Farmers tell me that there is no real alternative to killing thousands of badgers. There are clearly different views in some parts of the animal welfare community. The two quotes which follow set out the battle lines.

“Bovine TB is a chronic and insidious disease which is having a devastating impact on farmers. Unless further action is taken now it will continue to get worse,” Spelman said. “There is great strength of feeling on this issue and no one wants to see badgers culled. But at present there is no satisfactory alternative.” She said farmers, who will pay part of the cost of the culls, would have to apply to Natural England for licences and the marksmen used would require special shooting permits.

“Badger culling has become a costly distraction from the important business of controlling cattle TB. The culling is expected to achieve, at best, a 16% reduction in cattle TB,” said Rosie Woodroffe, a badger ecologist at the Institute of Zoology in London and who worked for decade on the largest ever UK study of badger culling. “It is likely to cost farmers more than they save, and there is a serious concern that such culling will make cattle TB worse rather than better.”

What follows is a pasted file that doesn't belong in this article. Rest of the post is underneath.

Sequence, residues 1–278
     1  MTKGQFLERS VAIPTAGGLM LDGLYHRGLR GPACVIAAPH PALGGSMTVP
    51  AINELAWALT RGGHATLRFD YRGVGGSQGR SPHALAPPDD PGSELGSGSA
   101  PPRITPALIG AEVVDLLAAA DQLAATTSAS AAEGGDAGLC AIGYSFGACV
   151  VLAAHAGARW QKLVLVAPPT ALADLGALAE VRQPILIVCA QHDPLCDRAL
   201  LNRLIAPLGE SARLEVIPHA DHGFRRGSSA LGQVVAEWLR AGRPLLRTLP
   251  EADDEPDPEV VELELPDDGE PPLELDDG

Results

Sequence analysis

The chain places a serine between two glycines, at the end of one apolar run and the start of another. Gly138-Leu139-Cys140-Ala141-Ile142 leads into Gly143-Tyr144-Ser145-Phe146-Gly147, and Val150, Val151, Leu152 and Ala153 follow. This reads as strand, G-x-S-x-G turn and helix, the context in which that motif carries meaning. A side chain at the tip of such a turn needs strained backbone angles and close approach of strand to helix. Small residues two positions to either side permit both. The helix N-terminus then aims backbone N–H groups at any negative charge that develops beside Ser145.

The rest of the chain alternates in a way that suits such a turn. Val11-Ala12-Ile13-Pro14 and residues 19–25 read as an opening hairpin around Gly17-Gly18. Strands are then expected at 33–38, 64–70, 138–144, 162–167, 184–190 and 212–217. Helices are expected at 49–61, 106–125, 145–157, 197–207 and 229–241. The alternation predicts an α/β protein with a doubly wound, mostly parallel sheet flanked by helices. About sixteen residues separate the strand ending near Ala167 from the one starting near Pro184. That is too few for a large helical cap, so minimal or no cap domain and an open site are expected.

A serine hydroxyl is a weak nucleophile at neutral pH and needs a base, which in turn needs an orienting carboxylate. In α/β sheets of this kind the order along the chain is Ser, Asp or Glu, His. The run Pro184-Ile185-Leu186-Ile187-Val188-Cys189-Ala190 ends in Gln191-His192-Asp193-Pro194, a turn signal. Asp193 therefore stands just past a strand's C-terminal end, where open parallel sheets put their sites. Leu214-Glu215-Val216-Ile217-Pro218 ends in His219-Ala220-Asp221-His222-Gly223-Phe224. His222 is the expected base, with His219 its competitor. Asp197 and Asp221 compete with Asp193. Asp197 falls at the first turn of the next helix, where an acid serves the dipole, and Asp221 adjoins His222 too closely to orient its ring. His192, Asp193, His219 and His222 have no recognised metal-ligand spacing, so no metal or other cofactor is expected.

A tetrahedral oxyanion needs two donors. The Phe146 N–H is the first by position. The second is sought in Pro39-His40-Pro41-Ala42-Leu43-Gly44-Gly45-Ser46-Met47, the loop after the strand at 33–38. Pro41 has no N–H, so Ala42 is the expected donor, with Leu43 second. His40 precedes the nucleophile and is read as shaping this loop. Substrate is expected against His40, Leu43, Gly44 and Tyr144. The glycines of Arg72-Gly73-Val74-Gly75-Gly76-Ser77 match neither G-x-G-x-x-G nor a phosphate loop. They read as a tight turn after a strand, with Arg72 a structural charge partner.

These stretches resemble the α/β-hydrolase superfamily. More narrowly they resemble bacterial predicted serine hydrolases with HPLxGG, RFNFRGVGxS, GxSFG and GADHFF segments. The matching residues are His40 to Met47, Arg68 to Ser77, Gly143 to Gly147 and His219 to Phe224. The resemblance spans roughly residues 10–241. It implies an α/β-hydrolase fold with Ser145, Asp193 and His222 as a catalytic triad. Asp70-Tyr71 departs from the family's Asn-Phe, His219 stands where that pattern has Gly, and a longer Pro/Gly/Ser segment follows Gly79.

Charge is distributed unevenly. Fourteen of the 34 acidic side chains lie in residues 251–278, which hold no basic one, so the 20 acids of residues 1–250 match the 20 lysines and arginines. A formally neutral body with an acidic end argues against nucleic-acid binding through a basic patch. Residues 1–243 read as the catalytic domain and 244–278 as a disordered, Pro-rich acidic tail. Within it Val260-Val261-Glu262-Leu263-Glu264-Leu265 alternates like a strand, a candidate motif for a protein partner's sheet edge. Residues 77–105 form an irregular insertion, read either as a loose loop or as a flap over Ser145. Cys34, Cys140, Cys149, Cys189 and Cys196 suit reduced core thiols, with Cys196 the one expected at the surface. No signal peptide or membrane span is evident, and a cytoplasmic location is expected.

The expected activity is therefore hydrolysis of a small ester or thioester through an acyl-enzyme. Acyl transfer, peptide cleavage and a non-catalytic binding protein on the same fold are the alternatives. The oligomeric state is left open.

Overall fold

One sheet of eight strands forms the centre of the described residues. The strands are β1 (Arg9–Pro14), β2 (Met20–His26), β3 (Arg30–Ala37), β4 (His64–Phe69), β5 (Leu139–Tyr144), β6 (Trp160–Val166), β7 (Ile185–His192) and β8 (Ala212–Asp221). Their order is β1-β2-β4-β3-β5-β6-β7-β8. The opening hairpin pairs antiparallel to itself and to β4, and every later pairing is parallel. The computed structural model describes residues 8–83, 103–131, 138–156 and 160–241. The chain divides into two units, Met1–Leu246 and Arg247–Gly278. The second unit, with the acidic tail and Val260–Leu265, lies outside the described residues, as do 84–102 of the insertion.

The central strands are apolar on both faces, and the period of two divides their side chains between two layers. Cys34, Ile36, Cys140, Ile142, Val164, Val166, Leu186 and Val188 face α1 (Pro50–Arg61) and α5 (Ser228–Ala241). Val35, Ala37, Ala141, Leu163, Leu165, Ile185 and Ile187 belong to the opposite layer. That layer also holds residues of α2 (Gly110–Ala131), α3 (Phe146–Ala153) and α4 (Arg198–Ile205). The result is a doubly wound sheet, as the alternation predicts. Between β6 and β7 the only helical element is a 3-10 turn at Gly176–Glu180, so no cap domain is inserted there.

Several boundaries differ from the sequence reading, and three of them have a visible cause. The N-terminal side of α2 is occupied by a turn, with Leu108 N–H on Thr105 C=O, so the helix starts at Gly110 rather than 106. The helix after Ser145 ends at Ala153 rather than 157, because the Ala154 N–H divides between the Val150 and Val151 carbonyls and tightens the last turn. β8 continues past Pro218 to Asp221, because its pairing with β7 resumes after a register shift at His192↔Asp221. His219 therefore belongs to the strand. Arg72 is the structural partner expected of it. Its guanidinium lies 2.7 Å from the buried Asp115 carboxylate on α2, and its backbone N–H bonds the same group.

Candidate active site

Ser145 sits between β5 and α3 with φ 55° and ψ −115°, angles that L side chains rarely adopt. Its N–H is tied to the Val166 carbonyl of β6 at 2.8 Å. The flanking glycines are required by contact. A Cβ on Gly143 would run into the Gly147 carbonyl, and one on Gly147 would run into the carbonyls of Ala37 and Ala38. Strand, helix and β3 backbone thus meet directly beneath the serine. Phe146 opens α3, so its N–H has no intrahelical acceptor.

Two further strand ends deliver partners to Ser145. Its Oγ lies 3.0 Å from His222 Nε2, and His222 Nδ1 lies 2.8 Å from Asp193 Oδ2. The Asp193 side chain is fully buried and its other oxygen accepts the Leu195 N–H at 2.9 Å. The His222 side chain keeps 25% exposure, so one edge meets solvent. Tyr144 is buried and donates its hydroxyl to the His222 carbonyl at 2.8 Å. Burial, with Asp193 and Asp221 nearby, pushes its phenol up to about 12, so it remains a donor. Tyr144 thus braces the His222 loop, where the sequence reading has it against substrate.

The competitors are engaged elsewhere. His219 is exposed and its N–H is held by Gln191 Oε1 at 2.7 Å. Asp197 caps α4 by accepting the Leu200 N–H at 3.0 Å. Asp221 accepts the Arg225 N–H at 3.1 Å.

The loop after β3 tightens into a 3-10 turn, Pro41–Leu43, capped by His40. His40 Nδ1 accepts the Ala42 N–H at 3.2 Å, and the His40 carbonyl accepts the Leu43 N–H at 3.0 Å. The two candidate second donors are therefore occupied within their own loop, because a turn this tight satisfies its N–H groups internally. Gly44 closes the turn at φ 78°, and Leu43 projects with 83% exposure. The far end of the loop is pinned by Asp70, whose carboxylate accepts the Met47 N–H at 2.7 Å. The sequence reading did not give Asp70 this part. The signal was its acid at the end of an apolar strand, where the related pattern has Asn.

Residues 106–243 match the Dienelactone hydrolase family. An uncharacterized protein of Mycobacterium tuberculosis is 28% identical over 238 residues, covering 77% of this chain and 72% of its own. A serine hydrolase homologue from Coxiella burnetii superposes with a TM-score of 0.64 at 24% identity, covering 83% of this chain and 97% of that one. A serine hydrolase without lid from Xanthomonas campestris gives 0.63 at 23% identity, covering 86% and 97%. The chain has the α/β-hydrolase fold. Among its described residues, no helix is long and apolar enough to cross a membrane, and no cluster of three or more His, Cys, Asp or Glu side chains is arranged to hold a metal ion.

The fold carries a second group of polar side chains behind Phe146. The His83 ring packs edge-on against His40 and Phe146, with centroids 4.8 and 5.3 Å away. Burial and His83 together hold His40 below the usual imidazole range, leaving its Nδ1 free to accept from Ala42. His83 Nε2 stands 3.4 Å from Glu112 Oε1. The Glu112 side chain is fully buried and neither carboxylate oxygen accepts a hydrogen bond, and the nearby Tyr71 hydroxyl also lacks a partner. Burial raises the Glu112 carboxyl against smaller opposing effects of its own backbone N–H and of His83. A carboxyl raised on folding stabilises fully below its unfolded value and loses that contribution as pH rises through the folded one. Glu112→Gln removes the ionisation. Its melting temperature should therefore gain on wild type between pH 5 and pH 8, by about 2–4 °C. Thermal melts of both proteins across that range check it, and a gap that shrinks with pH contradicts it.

I have never fully understood when it comes to challenges such as TB and for that matter foot and mouth, why (particularly in view of it being a practice in other countries) vaccination is never seriously considered. Perhaps I am too much of a “townie” What I do know, is, that issues like this demonstrate, lest any of us should forget it, that in the often ruthless world of food and farming there is little, if no room, for sentiment.

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